On May 19th, one of the greatest lyricists in Rock history, Pete Brown, died. As the cowriter with Jack Bruce, Brown’s lyrics psychedelicized some of Cream’s most memorable songs, including “I Feel Free”, “White Room”, “SWBALR”, “As You Said”, and “Sunshine of Your Love” (with Eric Clapton too).
My favorite Bruce/Brown composition is “Rope Ladder to the Moon” from Bruce’s debut solo album Songs for a Tailor (1969).
The track seems to be about a lover’s manipulation and dominance. In the first three verses he/she lures in their “prey” with fun, love, and promise.
You asked me to a party To a house just by the moon You gave me silver loving The end was all too soon
You asked me to the theater In a place quite near the sun You gave me golden sunbeams Your act was all in fun
You asked me to a meeting In a cottage in the snow You gave me central heating I can’t forget the glow
But by the end the lover is in total control.
You asked me to a weekend Down by the stormy sea You took me to a ceremony And the sacrifice was me!
You asked me to a storm cloud Up near the rainbow’s end Then you threw away the ladder And gave me to your friend
You took me to a prison And you said its chief was me Then you locked me deep inside you And thew away the key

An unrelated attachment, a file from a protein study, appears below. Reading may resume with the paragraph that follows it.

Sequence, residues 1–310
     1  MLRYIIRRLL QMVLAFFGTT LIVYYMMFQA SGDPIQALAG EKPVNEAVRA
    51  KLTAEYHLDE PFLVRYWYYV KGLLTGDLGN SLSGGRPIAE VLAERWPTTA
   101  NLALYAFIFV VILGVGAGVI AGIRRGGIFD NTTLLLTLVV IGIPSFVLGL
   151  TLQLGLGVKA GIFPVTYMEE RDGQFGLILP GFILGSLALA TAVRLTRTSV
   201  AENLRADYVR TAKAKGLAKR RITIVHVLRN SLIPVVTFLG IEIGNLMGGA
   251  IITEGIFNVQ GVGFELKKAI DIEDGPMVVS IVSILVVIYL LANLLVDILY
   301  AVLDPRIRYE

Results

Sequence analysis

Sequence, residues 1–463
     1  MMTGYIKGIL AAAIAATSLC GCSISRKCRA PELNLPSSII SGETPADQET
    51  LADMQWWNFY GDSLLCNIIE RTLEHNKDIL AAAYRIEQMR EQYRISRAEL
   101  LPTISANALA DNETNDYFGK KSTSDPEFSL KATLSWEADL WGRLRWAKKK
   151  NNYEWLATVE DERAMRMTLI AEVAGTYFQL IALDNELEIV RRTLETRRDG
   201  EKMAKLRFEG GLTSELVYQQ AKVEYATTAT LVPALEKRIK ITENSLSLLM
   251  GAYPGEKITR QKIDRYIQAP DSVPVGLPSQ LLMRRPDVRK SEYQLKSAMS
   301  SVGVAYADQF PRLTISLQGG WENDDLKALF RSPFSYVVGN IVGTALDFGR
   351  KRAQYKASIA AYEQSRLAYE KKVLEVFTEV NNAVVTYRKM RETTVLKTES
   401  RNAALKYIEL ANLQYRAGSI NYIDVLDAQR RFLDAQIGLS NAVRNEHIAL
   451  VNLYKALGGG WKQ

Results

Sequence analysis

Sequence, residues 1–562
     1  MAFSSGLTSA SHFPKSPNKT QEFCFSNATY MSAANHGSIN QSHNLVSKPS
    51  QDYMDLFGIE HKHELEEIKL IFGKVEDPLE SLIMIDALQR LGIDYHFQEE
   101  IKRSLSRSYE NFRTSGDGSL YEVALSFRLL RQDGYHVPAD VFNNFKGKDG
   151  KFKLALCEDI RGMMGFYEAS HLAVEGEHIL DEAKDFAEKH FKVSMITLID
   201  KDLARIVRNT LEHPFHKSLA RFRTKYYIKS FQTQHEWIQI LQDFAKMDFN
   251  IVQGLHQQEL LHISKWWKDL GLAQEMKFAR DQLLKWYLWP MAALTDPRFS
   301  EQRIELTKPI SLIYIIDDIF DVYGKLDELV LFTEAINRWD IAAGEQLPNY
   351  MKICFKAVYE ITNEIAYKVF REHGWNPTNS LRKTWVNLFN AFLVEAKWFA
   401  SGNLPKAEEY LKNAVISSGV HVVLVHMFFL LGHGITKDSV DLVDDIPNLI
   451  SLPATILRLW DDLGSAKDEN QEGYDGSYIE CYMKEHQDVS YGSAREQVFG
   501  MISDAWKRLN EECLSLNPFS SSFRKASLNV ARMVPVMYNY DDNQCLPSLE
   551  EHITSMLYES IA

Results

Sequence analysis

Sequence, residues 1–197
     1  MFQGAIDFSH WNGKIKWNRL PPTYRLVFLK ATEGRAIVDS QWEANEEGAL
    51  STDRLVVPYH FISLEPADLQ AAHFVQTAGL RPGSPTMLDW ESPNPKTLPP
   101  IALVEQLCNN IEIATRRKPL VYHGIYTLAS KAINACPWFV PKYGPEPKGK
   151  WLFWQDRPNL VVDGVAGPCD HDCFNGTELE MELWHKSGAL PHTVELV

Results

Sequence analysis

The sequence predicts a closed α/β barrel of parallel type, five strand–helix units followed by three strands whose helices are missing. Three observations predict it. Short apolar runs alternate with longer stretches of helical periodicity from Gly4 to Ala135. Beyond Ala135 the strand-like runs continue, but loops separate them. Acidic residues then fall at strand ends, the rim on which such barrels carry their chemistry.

“Rope Ladder…” has been covered a few times with the version by Brian Auger and Julie Tippet that is worth a listen.
Anyone that follows this blog has already heard that Cream bassist/vocalist Jack Bruce died today at the age of 71. I had the privilege to see him perform a few songs back in 2008. That performance inspired me to write a song of the week in August of 2008 that I’m re-posting today.
One of the things that I enjoy most about the “song of the week” is keeping my ear open for musical gems that have slipped by my attention. I discovered another one when I attended the Hippiefest at the Mountain Winery in July. Amongst a pleasant evening of light pop nostalgia acts – Badfinger, The Turtles, Jonathan Edwards — was one giant of serious rock, Jack Bruce.
Bruce, now 65, was a child prodigy, multi-instrumentalist, with training in both jazz and classical music. After working his way through the early 60s British blues fraternity (Alexis Korner, Graham Bond, John Mayall, etc.) he landed with Eric Clapton and Ginger Baker in Cream.
At the Hippiefest, he opened his brief set with a solo, 12-string acoustic guitar version of “As You Said” from Cream’s 1968 album Wheels Of Fire. I must admit, this isn’t a song I ever really “heard” before. But Bruce’s performance was sublime! It really captured my attention.
The version included here is the original studio recording. It is driven by a simple open tuned guitar and cello pairing that sets the perfect mood to support its haunting lyrics. The soaring vocals may have been an influence on Jeff Buckley’s Grace.